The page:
Local Xanga Fears Update (or, don't trust the journalists too much…)

I have a pretty long “to do” list for this Memorial Day weekend, a combination of stuff around the house and more “professional” activities (writing, web work, planning for teaching, etc.). On that “to do” list is a belated update to a post I had a few weeks ago, “Xanga fears come local!” In that post, I quoted and talked quite a bit about a passage from Karel Graham, who is an eighth-grade counselor at Tappan Middle School in Ann Arbor. In the Ann Arbor News article, Graham came across as thinking that Xanga in particular and blogs in general were the work of the devil.

Well, Karel actually read my post and emailed me (and, in a subsequent email, she gave me permission to quote her). This is what she said:

Thanks for your feedback regarding the blog article, in the Ann Arbor News. I agree with a lot of what you shared on your site. You would never know it, however, from the few negative comments the A2 reporter chose to publish from our 1/2 hour conversation. I too pointed out all of the benefits of self-expression that blogs offer. This is a good lesson in humility and I will be much more selective in agreeing to future interviews.

I wrote back and told her what I have found to be true: whenever you talk to the press, you cannot be subtle. You have to focus on the story that you want to tell them, only that story and nothing else. The minute you try to complicate things, as Karel says she did, you are likely to not get your real story told right.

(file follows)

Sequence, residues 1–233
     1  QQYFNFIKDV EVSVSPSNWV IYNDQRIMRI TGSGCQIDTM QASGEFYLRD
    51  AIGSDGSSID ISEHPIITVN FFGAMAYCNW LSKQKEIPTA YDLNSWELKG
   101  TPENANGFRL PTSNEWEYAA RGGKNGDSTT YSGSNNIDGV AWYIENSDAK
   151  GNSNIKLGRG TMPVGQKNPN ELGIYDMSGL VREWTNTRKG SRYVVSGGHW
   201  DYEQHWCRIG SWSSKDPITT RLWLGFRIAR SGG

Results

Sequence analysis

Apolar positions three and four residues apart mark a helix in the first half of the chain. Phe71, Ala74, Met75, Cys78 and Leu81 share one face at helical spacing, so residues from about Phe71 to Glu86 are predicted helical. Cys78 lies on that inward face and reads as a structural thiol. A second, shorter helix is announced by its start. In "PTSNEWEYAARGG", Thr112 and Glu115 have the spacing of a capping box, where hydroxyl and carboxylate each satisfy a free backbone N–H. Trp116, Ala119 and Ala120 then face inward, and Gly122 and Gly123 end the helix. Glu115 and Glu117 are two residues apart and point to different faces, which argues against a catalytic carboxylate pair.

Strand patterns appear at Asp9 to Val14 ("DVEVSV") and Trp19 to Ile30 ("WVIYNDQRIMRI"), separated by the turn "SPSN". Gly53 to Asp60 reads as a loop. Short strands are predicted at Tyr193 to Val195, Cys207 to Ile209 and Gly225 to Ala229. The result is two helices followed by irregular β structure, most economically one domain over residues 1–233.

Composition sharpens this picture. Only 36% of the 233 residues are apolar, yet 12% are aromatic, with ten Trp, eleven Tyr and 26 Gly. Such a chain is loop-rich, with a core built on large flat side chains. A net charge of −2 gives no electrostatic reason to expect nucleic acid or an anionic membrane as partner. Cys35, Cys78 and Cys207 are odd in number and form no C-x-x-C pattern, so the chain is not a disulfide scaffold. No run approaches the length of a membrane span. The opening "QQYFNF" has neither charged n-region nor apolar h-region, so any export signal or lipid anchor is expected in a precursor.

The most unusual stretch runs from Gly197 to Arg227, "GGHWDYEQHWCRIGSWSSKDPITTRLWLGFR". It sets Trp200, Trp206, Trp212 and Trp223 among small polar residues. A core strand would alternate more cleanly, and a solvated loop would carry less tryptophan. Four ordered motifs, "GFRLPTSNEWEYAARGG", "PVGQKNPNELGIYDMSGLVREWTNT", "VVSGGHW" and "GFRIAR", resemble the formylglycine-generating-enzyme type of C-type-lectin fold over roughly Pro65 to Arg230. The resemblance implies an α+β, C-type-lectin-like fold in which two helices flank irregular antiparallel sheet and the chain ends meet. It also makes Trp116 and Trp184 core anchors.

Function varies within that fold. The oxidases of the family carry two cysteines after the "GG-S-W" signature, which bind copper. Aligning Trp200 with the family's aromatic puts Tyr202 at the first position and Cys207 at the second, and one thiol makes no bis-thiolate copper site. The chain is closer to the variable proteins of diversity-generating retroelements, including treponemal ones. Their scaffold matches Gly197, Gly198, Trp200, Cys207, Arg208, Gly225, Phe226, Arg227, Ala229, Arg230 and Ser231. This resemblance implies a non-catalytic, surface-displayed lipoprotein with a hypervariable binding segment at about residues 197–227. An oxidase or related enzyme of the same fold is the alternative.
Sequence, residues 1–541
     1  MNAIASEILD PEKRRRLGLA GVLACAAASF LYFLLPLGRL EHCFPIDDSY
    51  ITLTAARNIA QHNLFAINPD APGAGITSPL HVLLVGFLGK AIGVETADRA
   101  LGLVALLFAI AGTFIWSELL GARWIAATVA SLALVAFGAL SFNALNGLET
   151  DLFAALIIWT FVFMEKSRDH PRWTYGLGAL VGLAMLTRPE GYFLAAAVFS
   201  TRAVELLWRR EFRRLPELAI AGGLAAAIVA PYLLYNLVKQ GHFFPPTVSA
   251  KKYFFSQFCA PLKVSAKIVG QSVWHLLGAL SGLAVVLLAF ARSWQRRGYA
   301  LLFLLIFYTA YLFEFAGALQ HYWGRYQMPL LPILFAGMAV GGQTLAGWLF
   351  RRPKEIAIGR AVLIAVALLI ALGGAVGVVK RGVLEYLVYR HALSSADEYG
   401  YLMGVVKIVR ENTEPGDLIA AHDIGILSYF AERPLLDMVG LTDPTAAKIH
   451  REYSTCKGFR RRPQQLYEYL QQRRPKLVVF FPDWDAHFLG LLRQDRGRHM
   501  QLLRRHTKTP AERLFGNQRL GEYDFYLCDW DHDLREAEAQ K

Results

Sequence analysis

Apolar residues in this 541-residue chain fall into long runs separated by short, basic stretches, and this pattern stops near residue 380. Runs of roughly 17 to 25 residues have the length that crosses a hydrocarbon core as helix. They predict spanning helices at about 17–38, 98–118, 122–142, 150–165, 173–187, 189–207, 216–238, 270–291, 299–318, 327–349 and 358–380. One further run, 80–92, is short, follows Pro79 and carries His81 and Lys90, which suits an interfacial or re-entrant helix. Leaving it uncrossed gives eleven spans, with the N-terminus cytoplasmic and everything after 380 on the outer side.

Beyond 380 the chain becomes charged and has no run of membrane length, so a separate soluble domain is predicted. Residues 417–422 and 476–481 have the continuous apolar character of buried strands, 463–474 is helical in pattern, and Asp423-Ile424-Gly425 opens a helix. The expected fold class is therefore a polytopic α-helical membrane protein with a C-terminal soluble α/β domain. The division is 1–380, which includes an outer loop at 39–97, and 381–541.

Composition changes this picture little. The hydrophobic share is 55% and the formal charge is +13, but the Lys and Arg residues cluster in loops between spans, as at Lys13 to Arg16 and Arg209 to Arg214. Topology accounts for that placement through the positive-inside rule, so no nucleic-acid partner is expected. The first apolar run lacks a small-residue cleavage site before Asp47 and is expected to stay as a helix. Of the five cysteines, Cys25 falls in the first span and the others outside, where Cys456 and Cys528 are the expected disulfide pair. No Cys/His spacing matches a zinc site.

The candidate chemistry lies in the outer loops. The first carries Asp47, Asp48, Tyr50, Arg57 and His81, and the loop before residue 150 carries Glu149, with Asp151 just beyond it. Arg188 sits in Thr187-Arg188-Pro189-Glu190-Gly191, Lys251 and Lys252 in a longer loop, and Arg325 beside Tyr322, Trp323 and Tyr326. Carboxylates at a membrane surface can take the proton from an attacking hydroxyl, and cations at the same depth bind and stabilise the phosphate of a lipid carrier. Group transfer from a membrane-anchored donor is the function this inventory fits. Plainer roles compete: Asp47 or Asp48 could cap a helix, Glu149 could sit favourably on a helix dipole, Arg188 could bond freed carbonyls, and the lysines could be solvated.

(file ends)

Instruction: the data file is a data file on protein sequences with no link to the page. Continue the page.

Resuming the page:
Who says that print newspapers run by “professional” journalist are automatically “right” and reliable sources, while individual “amateur” bloggers are automatically “biased” and unreliable sources? (And how am I going to explain that in my textbook?!)

Anyway, like I said in my original post, I do have some sympathy with the situation that Karel and her junior high/high school colleagues are in. As a college professor, I have the luxury of working with adults– well, at least almost always people who are over 18 years old and thus technically “adults”– which means I don’t have to worry that much about a whole host of issues. Colleges and universities seem a lot more willing to serve in the role of “in loco parentis” than they were when I was an undergraduate in the mid-1980s, probably because the legal drinking age was different (in Iowa, it was 19), this was before the “just say no” message of Nancy Reagan, and we weren’t as conservative of a country back then. Nonetheless, there’s nothing I can really do to stop an 18 year old from writing about drugs, sex, and rock ‘n roll on their Xanga blog (and I wouldn’t want to if I could).

On the other hand, if you are teaching students who are literally and technically “children” (especially children who think they’re “adults”– you remember being 14 vaguely, don’t you?), teachers have a whole different kind of obligation. I mean, it’s one thing if an 18 year old first year composition student is posting to her or his blog about the “totally awesome” house party (complete with pictures of drunken young people); it’s another thing entirely if a 13 or a 14 year old does this. And if those 13 or 14 year olds are posting this kind of thing to their blogs at school, teachers are pretty much obligated to get involved in a much different and more direct way.

In any event, I was glad to hear that Karel wasn’t completely against blogging. And I’m guessing she’ll be a lot more careful the next time someone from the Ann Arbor News calls for a quote.

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